Can riparian landowners fix their Lake Michigan beach?

By Linda Alice Dewey
Sun contributor

“It begs the question,” remarked Leelanau County drain commissioner Steve Christiansen, “that this is so different from past years, how do we access the beach?”

Christiansen recently responded to a call from a Sleeping Bear Bay resident with a problem common to many riparians (beachfront owners) on Lake Michigan. With the rising water levels, the waves were whacking away at grass covered bluffs, carving a cliff where the vegetation roots—generally beachgrass—were holding on for dear life. To the left and right of a path to the beach stood cliffs two to three feet high that made it difficult to pull a boat or beach items.

It looked like the feds might have to be called in, if the owner wanted to do anything to those cliffs, in addition to Christiansen’s department at the County. Depending on the cliff’s elevation, he would have to pull a permit with the Department of Environmental Quality (DEQ) and the Army Corps of Engineers (ACE) would have to get involved.

With Lake Michigan as high as it is right now, 579.6 feet, that means less than one foot of elevation from the water’s edge would require a DEQ permit if a beach owner wanted to “move around” the sand or remove vegetation. (Read related story in our July 2 edition, “Walking the Lake Michigan beach — a public right, or trespassing?”)

But wait. There’s more.

In 1994, the Department of Natural Resources (DNR) built a ramp on Grand Traverse Bay next to property owned by a family named Peterman, with two jetties on either side of the ramp to protect it. But the jetties blocked sand that would normally wash ashore on the Peterman’s beach, and one year later, the Petermans had lost their beach, including erosion above the Ordinary High Water Mark (OHWM).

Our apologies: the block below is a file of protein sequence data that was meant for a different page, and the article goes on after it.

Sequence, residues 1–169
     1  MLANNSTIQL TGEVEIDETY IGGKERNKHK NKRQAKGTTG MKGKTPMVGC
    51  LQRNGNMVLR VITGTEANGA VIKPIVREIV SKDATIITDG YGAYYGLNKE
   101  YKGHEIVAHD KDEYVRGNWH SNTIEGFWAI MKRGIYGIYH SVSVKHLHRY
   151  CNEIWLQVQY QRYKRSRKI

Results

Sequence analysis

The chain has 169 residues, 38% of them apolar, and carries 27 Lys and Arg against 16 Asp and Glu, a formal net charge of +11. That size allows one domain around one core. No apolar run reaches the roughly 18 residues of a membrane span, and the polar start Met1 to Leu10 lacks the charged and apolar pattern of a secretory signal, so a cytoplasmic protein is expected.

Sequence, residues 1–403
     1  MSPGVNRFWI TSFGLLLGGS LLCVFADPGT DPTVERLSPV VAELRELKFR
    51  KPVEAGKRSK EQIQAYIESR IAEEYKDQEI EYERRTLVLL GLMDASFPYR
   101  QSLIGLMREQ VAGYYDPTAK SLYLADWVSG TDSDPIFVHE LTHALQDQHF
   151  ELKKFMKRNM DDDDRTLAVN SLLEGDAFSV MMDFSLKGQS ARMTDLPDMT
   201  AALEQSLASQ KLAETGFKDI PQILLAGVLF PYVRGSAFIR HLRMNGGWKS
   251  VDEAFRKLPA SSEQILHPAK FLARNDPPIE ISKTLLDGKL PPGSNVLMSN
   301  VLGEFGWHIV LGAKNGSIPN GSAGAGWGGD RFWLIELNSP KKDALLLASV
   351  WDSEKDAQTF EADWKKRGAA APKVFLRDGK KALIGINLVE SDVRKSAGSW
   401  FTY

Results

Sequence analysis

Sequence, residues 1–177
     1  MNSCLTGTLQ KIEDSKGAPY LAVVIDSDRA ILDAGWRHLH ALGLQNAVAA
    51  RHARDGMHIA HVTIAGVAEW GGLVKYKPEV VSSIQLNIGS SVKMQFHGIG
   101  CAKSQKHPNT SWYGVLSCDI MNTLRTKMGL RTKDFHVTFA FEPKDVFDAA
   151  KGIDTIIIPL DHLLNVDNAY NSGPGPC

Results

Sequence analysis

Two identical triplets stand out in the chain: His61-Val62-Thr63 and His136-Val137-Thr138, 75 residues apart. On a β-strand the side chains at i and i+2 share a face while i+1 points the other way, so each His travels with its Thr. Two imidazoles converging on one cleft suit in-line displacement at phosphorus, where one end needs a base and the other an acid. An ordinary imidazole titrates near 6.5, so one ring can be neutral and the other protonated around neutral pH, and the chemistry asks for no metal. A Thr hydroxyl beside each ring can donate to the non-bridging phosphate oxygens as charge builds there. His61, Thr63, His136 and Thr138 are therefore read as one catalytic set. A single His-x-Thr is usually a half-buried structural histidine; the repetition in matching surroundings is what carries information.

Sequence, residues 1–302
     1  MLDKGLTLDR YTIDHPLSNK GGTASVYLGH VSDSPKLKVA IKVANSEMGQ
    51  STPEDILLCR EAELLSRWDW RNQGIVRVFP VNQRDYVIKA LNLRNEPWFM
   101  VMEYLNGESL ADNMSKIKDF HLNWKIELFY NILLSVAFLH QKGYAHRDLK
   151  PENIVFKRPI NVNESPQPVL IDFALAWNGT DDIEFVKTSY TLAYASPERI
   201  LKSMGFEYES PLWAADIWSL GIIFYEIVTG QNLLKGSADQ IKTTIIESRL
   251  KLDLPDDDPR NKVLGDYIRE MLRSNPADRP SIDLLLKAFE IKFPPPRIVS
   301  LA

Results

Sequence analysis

They filed suit against the DNR, not only for the loss of their beach, claiming that the government had taken their land, which would be unconstitutional. Again, there was no court consensus. A first decision was overturned on appeal; then that second decision was overturned when the Supreme Court awarded the Petermans not only for the loss of their sand but also found that the government had “taken” the Peterman’s land below the high water mark, and that they must be compensated.

On the other hand, that same year, an environmental act was passed that added severe restrictions to what landowners could do to care for their property. The Great Lakes began to recede, exposing dry land to vegetation. Some landowners began pulling the invasive species, and the government filed suit against them. A group of concerned coastal landowners formed Save Our Shoreline (SOS) to defend what they felt was their right to maintain their beaches.

“We were responding to letters from state and federal authorities [that were] stating that we could no longer maintain our beaches,” SOS explains on its website. “The state asserted that the vegetation appearing on those beaches was normal and that the state owned all shoreland below the elevation of 580.5 feet above sea level. The federal letters asserted that the [Army] Corps of Engineers had jurisdiction of all shoreland below 581.5 feet above sea level.”